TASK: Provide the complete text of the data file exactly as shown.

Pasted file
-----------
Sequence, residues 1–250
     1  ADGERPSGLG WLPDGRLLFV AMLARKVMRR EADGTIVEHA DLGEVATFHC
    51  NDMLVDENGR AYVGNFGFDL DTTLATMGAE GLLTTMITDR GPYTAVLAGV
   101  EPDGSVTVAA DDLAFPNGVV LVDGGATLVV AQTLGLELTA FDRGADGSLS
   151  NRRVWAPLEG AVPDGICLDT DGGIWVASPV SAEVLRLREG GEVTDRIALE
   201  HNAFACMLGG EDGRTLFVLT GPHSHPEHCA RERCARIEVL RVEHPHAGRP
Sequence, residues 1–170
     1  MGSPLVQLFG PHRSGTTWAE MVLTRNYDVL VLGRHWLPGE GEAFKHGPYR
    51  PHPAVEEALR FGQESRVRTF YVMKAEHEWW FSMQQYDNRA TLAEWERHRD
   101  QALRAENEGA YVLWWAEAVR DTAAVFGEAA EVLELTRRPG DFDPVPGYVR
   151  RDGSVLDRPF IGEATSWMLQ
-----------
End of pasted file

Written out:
Sequence, residues 1–250
     1  ADGERPSGLG WLPDGRLLFV AMLARKVMRR EADGTIVEHA DLGEVATFHC
    51  NDMLVDENGR AYVGNFGFDL DTTLATMGAE GLLTTMITDR GPYTAVLAGV
   101  EPDGSVTVAA DDLAFPNGVV LVDGGATLVV AQTLGLELTA FDRGADGSLS
   151  NRRVWAPLEG AVPDGICLDT DGGIWVASPV SAEVLRLREG GEVTDRIALE
   201  HNAFACMLGG EDGRTLFVLT GPHSHPEHCA RERCARIEVL RVEHPHAGRP
Sequence, residues 1–170
     1  MGSPLVQLFG PHRSGTTWAE MVLTRNYDVL VLGRHWLPGE GEAFKHGPYR
    51  PHPAVEEALR FGQESRVRTF YVMKAEHEWW FSMQQYDNRA TLAEWERHRD
   101  QALRAENEGA YVLWWAEAVR DTAAVFGEAA EVLELTRRPG DFDPVPGYVR
   151  RDGSVLDRPF IGEATSWMLQ